Italy: ‘Muslims, Atheists’ Blast Christian TV News Anchor for Wearing Crucifix

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An Italian television news anchor has ignited a firestorm of criticism by wearing a crucifix around her neck while reporting the news, drawing the ire of “Muslims, atheists and many viewers,” according to reports.

Marina Nalesso, a well-known news anchor on the State-owned Tg1 television news show, wore a crucifix around her neck several times last week while on the air, a choice that Silvio Viale, a leftist politician and vocal atheist, has described as “arrogance.”

“TG is a public, secular news show, not a Vatican news show,” he said.

On her FanPage, Nalesso defended her actions saying that she wears the crucifix “out of devotion and to offer witness,” though she can say nothing further because “we RAI journalists are not permitted to grant interviews without the authorization of management.”

This is not the 44-year-old TV anchor’s first offense. She has also been criticized for wearing small medals around her neck bearing the face of Jesus or the Virgin Mary.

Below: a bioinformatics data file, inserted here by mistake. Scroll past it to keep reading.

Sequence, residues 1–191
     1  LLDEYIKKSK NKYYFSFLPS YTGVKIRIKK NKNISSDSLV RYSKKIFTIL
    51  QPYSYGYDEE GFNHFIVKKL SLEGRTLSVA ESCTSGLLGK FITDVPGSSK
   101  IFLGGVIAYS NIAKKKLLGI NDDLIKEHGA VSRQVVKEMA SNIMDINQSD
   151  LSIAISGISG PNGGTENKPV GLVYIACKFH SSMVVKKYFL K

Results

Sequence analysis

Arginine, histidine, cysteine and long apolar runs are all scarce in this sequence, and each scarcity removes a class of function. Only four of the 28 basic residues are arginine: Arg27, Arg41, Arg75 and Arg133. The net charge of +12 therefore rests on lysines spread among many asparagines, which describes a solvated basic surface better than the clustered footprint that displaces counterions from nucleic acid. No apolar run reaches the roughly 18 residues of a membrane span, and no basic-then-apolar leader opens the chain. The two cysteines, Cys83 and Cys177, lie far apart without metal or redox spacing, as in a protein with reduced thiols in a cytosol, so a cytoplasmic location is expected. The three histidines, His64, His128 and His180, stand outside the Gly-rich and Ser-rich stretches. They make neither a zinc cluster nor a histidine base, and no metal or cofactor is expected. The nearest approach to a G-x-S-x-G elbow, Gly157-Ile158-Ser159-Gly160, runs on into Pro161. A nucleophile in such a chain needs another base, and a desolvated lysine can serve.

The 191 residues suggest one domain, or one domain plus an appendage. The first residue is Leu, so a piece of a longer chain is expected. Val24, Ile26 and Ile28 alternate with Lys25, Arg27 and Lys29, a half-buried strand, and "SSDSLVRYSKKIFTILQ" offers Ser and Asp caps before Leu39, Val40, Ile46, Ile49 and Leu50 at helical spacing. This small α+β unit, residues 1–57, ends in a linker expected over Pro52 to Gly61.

Despite the storm of criticisms, however, Nalesso has also received support from several public figures such as Giorgia Meloni, an Italian politician and leader of the Fratelli d’Italia party.

“We have now reached the point of absurdity,” Meloni wrote on the party’s Facebook page. “Christianity is part of our culture and our history as Italians and Europeans, even if you are an atheist or believe in another religion.”

“Whoever is bothered by a crucifix is bothered by our identity and they should go live somewhere else,” she continued. “A large part of the values of our civilization are bound up with that crucifix: a symbol that represents a richness for all of us, which we are proud to defend. Bravo Marina,” she wrote.

Others noted that if the newscaster were wearing a Muslim veil instead of a Christian symbol, liberals would “rush to her defense in the name of sacred freedom of expression.”

Several countries of northern Europe, such as Norway, have banned the wearing of religious symbols on television, but at the moment Italy has no such laws.

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